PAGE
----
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Upskilling entry-level employees should be your priority, says Houston expert

Investing in your entry-level employees from the beginning will only continue to positively impact their future, and the ripple effect for businesses. Photo via Getty Images

With Spring Break behind us, many soon-to-be grads will be anxiously applying for their first entry-level jobs or internships; however nearly 50 percent of college graduates don’t feel qualified for entry-level positions and 20 percent feel like they lack basic skills to compete in the job market. It’s important for young professionals to have a solid foundation before the first day on the job, yet 40 percent of graduates say they only occasionally or rarely use skills they learned in college. This is scary for young professionals, and even more terrifying for businesses that are hiring entry-level employers.

Closing young professionals’ education-to-employment skills gap is crucial to the future of work, and how we go about surviving The Great Resignation. Businesses do not have the time, resources or money to teach every entry-level employee basic workforce skills, such as email etiquette and calendar management. According to Indeed, the average time employers spend training entry-level hires is around 33 hours per new employee, but shouldn’t some of the training be the universities’ jobs?

Maybe. However, over the past two years, colleges have been forced to redirect their focus to take care of students' mental health during the COVID-19 pandemic—understandable as between 80 to 90 percent of college students have experienced some mental health strains during the pandemic.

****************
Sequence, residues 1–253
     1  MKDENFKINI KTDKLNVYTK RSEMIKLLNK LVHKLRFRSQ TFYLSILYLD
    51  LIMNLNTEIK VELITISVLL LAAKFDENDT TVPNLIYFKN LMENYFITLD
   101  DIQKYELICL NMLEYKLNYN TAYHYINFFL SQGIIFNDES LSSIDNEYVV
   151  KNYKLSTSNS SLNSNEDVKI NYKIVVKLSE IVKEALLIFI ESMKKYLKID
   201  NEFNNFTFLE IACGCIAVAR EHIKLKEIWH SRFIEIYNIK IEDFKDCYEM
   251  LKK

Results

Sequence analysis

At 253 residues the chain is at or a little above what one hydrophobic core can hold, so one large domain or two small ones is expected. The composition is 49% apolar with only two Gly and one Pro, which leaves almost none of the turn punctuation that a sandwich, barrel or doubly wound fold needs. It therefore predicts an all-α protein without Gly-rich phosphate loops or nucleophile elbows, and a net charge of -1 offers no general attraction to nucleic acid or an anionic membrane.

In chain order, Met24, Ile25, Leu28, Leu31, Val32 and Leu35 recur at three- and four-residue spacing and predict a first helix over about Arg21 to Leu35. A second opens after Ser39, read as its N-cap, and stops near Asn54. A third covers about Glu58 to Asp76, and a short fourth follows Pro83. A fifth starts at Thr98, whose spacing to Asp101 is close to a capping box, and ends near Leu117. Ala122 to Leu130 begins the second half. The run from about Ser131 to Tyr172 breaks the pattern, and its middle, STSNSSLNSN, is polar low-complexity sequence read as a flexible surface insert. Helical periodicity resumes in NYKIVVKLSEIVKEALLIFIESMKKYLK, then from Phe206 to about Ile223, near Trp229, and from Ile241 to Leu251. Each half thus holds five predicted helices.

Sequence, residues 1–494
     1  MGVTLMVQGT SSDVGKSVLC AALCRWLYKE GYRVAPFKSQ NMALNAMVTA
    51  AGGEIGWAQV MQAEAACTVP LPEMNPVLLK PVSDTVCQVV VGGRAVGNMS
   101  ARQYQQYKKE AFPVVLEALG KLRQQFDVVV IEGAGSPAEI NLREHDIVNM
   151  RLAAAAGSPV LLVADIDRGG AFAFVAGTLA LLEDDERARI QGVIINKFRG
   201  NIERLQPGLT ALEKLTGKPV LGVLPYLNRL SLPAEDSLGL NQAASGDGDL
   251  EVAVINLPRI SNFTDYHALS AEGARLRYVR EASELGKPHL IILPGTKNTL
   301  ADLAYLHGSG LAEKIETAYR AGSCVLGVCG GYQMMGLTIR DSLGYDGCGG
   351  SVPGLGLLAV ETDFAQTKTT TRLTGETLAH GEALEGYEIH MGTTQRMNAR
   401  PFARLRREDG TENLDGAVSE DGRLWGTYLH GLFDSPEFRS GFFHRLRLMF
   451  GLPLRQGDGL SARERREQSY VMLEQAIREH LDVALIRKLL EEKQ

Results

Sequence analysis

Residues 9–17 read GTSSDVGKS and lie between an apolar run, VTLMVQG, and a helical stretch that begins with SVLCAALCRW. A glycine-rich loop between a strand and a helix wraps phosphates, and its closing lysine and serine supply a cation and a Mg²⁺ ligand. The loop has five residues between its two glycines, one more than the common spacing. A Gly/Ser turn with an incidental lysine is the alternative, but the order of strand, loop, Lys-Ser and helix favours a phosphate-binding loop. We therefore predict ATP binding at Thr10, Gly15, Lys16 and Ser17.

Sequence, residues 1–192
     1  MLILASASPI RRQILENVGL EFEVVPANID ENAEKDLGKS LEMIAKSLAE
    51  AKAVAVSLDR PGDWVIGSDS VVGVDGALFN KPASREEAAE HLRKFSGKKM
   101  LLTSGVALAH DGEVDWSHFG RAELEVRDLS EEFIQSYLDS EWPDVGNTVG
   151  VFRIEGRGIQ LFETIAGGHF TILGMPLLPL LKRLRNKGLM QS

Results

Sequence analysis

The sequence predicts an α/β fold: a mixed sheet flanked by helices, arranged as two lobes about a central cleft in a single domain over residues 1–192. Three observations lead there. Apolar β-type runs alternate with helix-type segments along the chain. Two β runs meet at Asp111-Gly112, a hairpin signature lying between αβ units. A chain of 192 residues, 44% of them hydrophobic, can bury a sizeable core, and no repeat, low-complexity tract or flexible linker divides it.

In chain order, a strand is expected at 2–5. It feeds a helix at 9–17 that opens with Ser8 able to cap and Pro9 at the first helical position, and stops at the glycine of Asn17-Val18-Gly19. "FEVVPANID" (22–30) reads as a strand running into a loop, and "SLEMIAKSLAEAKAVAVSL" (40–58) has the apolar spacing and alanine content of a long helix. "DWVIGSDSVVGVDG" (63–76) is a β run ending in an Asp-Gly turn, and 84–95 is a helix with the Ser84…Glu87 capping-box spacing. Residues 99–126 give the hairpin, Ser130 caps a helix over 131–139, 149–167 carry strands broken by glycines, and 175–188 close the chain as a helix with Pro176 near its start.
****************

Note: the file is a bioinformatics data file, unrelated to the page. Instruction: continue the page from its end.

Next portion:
Each year, the National Association of Colleges and Employers (NACE) puts out a survey that assesses what should be taught in both internship-preparedness and career-readiness programs, to fill the gaps and upskill young professionals with the lessons they need to be learning. These core competencies were incorporated into Ampersand’s training, where young professionals are upskilled in a wide array of transferrable workforce skills that allow immediate success in new workplaces. Our 50-plus hours of curriculum was developed around NACE’s expertise, feedback from hundreds of businesses we spoke to,and my own personal frustrations of running a business for 12 years, which caused me to realize what opportunities and skills I wanted to bring to the new generation of professionals. Ampersand’s curriculum focuses on a variety of fundamental skills, such as: business structure fundamentals, interpersonal conflict resolution, combatting biases in the workplace, proactive communication, handling mental health issues and the art of constructive feedback.